Baking Essentials: Pasta Madre (Mother Dough)
Andy Anderson !
A traditional pasta madre is made by fermenting flour and water (with a bit of sugar), until you get this wonderful “yeasty” smelling dough that is used in making bread and rolls. In America we call it a starter, or a sourdough starter. However, it takes a week or longer to make.
My Aunt Josephine used this recipe when she wanted some added depth to her baked goods but did not want to wait a week or more to have it.
So, you ready… Let’s get into the kitchen.
1/2 tspfresh clover honey, or white sugar
1 Tbspactive or instant dry yeast
3/4 cwarm potato water, or plain filtered water
1 cflour, all-purpose variety
How to Make Baking Essentials: Pasta Madre (Mother Dough)
- The Back Story
If you have ever baked bread, you understand that in order for the bread to rise it typically needs yeast.
Yeast is a sugar-eating fungus. It digests food to obtain energy for growth, and those little critters favorite food just so happens to be sugar in all its various forms. The end result is called fermentation, and produces carbon dioxide gas, and ethyl alcohol.
In bread baking, when yeast ferments the carbon dioxide gas cannot escape because the dough is elastic and stretchable. As a result of this expanding gas, the dough inflates, or rises, and the ethyl alcohol (plus other compounds) produced during fermentation, create the unique flavors and aromas you associate with yeast-leavened breads. Mmmmmm
So, we purchase packets of yeast and use them in our baking. Pretty basic stuff.
- Active versus Instant Yeast
Active dry yeast and instant (or rapid rise) yeast are the two most common yeasts available to home bakers. There are others; however, we do not need to discuss them at this time.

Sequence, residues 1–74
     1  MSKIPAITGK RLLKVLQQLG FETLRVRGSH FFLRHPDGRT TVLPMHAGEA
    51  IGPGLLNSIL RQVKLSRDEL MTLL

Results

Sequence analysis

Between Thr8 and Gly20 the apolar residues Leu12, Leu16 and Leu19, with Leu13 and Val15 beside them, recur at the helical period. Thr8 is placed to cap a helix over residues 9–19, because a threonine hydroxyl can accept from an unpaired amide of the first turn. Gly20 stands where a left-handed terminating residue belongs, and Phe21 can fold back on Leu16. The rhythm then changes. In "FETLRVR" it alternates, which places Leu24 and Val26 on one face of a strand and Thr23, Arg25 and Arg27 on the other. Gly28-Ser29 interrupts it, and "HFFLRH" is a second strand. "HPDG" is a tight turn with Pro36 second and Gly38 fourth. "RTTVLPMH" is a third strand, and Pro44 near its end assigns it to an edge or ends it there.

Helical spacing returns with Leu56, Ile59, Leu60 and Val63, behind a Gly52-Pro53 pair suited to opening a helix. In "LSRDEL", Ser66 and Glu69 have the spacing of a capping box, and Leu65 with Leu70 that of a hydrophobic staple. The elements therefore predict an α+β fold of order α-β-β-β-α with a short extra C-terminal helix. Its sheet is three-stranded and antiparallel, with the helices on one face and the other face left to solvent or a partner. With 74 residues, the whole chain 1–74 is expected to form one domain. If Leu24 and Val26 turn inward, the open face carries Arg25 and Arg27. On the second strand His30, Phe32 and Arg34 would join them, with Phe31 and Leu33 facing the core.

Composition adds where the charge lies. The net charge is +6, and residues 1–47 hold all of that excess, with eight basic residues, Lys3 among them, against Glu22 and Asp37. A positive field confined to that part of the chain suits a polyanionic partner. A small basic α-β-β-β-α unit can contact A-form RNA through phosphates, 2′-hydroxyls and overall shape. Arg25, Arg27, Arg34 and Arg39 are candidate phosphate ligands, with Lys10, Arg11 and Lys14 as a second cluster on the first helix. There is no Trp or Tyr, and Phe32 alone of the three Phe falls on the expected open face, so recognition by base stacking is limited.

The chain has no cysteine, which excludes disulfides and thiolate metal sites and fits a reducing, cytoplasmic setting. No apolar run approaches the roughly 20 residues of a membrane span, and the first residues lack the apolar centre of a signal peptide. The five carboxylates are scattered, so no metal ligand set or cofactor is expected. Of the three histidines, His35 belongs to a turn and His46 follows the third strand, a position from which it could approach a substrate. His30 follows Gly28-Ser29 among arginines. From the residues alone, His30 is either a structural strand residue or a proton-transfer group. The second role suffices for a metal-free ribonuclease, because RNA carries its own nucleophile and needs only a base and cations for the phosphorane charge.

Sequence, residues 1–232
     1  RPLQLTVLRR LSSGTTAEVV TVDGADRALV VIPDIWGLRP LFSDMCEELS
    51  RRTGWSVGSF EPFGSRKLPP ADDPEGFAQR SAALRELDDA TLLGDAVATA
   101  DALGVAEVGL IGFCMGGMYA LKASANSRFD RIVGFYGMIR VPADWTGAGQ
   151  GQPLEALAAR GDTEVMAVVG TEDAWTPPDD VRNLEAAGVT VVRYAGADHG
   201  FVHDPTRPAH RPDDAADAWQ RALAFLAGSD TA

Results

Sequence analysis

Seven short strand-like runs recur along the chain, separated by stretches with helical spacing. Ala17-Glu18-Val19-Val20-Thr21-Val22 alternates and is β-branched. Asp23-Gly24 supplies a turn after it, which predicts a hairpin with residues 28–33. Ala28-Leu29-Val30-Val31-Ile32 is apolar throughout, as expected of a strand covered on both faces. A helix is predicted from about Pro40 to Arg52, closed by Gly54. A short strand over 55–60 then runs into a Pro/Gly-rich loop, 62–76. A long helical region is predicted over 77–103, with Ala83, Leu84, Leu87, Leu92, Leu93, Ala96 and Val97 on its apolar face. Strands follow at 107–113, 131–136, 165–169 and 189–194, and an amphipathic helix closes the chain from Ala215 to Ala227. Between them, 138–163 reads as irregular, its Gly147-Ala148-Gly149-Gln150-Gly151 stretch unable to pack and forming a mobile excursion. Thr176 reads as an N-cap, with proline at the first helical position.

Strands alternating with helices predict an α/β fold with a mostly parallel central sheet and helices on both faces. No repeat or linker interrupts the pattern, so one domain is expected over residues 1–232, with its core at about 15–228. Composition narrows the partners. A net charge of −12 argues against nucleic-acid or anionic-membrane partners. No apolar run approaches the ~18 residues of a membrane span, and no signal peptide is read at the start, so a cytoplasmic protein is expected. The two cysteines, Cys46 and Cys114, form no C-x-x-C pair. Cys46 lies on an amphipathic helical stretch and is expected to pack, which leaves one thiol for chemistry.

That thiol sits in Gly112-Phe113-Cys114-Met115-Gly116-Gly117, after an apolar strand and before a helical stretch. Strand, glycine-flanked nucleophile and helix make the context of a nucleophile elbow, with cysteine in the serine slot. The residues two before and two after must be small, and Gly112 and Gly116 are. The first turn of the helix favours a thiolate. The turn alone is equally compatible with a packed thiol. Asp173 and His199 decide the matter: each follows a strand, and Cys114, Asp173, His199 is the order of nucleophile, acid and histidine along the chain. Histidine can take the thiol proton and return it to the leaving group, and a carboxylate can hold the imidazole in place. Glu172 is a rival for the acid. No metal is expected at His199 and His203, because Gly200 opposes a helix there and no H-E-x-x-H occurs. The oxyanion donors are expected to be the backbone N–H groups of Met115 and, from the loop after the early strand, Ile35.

The two yeasts can be used interchangeably in recipes, but with one main difference. Active dry yeast needs to be dissolved in water before using; while instant yeast can be mixed right into the dough.
I prefer baking with active dry yeast, because I want to know that my yeast is alive and ready to do its thing… And that is called proofing.
- Proofing Yeast
Take the water, or liquid you are using to make your bread, and warm it up to about 110f (43c). Add a little bit of sugar, and then the yeast. Give it a stir and wait about 10 minutes. If the top of the liquid looks foamy, your yeast is good… add it to the recipe.
On the other hand, if nothing happens, your yeast is dead. Give it a proper burial and buy some good yeast.
FYI: You can store yeast in the freezer, and it will extend its life far beyond the expiry date.
- What the Heck Has All This to Do with a Pasta Madre?
Well, I am glad that that you brought up that very critical question.
A tradition pasta madre, or sourdough starter, does not use any prepackaged yeast; it gets its yeast from the flour and the air around it.
I am going to tell you something scary, and it just might keep you up at night; however, it must be told. The yeast fungus is everywhere; even in the air you inhale.
When you make a traditional pasta madre, you mix flour with water, and a smidgen of sugar, and let them sit, covered, on your counter for about a week. The natural yeast in the air, and the flour work their magic and make that wonderful yeasty mother dough, we all know and love.
- What is Different about this Recipe?
For this recipe we are going to cheat by adding some store-bought yeast. It is not going to be the same as creating your own starter, and feeding it on a regular basis, but you can have great pasta madre in as little as 3 hours.
For all you professional bakers out there, please cover your ears and pretend you did not hear me say that.
- What about Potato Water?
Potato water is one of those baker’s secrets. If you use potato water; as opposed to regular water, you baked goods will come out fluffier, and moister. To make potato water, cut up a potato or two, and boil them in water. Then, use the potato water in your baked goods… plus you can make mashed taters. It is a win-win.